Journal Article

Nature and Nurture in Cognition

Muhammad Ali Khalidi

in The British Journal for the Philosophy of Science

Published on behalf of British Society for the Philosophy of Science

Volume 53, issue 2, pages 251-272
Published in print June 2002 | ISSN: 0007-0882
Published online June 2002 | e-ISSN: 1464-3537 | DOI:
Nature and Nurture in Cognition

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This paper advocates a dispositional account of innate cognitive capacities, which has an illustrious history from Plato to Chomsky. The ‘triggering model’ of innateness, first made explicit by Stich ([1975]), explicates the notion in terms of the relative informational content of the stimulus (input) and the competence (output). The advantage of this model of innateness is that it does not make a problematic reference to normal conditions and avoids relativizing innate traits to specific populations, as biological models of innateness are forced to do. Relativization can be avoided in the case of cognitive capacities precisely because informational content is involved. Even though one cannot measure output relative to input in a precise way, there are indirect and approximate ways of assessing the degree of innateness of a specific cognitive capacity.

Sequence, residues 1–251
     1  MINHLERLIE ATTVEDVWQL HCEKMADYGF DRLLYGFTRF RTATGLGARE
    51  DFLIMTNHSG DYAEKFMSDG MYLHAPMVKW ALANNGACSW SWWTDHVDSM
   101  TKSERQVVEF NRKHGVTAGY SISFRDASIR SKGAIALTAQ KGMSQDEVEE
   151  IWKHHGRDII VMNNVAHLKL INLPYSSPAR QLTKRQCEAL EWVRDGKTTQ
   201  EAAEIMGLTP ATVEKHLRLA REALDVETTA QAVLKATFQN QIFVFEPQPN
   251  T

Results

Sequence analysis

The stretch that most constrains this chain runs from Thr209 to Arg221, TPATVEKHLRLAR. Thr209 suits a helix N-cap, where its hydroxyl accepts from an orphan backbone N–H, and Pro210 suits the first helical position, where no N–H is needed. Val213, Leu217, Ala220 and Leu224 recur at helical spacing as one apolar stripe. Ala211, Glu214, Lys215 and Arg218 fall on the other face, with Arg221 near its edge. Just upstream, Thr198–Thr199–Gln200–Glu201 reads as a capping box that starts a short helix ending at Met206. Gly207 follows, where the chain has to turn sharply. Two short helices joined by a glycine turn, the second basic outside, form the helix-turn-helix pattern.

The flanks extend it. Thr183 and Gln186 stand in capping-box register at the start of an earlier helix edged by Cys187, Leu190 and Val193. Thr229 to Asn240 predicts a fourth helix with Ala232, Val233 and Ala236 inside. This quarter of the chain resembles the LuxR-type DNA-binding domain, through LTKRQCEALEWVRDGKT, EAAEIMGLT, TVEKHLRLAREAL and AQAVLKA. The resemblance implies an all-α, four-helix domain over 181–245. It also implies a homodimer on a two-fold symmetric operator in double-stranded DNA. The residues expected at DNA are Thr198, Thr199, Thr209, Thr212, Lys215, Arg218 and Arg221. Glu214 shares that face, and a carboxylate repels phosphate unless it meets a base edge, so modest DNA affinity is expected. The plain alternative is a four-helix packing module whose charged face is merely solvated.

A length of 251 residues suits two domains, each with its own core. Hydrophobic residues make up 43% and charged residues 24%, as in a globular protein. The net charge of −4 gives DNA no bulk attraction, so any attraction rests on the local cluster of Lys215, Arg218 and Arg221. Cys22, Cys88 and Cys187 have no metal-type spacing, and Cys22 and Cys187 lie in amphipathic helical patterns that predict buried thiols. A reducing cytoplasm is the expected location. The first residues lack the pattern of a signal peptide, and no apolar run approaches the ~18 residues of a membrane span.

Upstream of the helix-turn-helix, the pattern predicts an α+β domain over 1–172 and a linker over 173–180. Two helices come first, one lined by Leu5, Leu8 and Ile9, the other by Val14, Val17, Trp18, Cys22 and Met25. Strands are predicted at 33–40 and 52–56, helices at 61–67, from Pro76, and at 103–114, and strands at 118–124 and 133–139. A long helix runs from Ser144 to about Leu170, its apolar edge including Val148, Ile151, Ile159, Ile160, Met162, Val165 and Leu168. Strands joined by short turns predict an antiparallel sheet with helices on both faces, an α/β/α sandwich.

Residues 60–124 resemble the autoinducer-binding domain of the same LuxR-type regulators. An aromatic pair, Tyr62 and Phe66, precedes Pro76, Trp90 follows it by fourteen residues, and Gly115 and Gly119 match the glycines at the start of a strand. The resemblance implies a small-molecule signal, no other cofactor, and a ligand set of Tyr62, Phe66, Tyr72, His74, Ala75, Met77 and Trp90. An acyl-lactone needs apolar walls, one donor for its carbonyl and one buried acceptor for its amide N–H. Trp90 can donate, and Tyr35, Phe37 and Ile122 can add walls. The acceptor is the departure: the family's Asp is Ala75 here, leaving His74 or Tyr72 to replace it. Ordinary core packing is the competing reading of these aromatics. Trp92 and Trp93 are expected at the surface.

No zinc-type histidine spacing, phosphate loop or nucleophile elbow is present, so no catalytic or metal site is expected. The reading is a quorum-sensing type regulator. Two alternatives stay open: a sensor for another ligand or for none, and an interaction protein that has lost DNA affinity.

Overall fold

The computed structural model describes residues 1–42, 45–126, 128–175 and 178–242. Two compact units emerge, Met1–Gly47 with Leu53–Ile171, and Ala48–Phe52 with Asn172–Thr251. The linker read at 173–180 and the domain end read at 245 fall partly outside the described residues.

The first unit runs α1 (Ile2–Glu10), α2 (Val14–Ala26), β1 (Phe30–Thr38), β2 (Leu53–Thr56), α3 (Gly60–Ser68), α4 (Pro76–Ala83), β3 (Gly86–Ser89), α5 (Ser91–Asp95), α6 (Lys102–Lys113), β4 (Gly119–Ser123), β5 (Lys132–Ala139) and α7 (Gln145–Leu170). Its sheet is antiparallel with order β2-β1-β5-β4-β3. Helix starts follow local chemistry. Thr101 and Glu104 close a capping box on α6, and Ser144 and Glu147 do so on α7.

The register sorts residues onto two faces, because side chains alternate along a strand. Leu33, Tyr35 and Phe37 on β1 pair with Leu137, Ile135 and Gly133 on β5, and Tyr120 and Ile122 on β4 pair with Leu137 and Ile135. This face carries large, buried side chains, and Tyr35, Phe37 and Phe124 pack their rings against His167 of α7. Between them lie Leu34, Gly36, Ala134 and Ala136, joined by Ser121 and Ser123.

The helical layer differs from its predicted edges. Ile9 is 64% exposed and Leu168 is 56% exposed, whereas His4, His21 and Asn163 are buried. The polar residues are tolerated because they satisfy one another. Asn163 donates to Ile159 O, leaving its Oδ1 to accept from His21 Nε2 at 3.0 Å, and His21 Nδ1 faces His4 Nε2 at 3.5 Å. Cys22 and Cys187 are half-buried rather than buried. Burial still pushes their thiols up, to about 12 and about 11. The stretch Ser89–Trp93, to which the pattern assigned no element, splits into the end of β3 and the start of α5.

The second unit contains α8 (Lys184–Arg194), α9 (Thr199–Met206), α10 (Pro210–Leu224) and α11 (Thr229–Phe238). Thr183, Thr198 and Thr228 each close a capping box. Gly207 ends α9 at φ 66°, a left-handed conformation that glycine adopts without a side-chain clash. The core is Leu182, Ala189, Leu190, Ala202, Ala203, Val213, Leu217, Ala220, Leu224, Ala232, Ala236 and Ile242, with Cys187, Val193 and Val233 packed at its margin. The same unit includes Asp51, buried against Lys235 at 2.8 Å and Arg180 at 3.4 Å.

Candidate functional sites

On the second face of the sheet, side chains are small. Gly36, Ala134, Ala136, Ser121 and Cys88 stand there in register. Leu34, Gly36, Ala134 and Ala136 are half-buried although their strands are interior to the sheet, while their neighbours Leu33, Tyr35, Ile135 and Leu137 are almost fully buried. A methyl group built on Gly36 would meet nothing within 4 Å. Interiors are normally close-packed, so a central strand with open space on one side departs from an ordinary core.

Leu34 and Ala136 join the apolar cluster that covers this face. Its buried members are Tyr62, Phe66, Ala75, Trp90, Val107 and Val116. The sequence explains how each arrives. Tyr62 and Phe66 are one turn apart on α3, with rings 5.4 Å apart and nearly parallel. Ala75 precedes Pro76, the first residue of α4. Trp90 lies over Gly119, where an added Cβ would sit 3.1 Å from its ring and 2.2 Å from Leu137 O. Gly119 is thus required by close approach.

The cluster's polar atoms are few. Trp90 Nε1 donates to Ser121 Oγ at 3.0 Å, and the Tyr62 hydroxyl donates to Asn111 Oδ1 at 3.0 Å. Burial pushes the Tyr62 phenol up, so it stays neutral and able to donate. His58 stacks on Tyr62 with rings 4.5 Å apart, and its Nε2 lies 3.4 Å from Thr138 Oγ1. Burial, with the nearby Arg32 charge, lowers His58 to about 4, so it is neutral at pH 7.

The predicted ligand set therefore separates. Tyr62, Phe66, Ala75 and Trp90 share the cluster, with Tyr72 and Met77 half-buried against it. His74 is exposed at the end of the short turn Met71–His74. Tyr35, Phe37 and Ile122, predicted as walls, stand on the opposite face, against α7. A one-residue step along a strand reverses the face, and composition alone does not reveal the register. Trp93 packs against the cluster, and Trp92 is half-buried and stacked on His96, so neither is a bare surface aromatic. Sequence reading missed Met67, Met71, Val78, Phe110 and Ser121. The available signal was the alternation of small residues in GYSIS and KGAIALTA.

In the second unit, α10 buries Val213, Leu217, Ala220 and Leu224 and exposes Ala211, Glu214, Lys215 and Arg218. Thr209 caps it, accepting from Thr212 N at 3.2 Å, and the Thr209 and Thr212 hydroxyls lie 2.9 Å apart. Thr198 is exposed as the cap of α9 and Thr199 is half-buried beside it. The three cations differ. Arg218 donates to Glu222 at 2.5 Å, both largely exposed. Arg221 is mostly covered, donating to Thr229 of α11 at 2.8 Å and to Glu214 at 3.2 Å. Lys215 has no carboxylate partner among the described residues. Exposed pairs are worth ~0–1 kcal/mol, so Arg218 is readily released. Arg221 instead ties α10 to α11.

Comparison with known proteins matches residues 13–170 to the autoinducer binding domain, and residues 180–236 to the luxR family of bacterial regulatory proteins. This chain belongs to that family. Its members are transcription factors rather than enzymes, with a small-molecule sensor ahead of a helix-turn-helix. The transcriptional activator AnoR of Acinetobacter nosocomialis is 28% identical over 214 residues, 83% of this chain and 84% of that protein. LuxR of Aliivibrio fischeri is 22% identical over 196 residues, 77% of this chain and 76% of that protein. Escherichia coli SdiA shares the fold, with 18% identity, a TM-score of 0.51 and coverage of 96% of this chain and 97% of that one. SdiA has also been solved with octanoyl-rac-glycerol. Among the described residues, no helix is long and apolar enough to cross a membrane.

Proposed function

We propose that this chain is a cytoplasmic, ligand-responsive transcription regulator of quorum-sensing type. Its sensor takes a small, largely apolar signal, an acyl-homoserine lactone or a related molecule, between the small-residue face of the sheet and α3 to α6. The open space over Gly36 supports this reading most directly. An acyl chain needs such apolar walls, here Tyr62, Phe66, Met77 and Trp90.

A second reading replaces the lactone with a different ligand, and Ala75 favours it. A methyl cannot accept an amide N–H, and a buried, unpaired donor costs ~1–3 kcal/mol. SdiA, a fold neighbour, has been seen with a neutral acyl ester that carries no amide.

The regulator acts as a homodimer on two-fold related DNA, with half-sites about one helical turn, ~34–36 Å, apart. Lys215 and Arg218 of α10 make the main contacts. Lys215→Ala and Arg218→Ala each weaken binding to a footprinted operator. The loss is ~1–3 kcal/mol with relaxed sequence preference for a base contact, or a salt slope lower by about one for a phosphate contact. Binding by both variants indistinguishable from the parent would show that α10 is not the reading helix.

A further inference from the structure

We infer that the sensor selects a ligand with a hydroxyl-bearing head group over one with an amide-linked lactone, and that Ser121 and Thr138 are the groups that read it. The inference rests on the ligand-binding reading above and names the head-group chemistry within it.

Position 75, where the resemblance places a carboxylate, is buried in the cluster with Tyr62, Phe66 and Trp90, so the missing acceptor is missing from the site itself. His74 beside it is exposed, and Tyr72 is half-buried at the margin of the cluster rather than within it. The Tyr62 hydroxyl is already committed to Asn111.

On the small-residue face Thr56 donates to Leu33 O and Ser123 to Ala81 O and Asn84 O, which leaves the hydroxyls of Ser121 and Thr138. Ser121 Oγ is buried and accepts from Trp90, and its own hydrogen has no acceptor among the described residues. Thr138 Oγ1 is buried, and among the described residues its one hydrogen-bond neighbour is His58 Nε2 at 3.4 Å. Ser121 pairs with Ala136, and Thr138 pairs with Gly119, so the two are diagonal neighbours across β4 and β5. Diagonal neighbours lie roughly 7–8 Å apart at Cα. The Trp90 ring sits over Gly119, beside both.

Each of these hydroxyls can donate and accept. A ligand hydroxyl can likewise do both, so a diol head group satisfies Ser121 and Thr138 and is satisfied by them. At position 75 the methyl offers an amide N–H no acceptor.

1 Introduction

2 Two models of innateness

3 Discarding the disease model

4 Impoverishment and implasticity

5 Measuring poverty

6 Assessing innateness

Journal Article.  0 words. 

Subjects: Philosophy of Science ; Science and Mathematics

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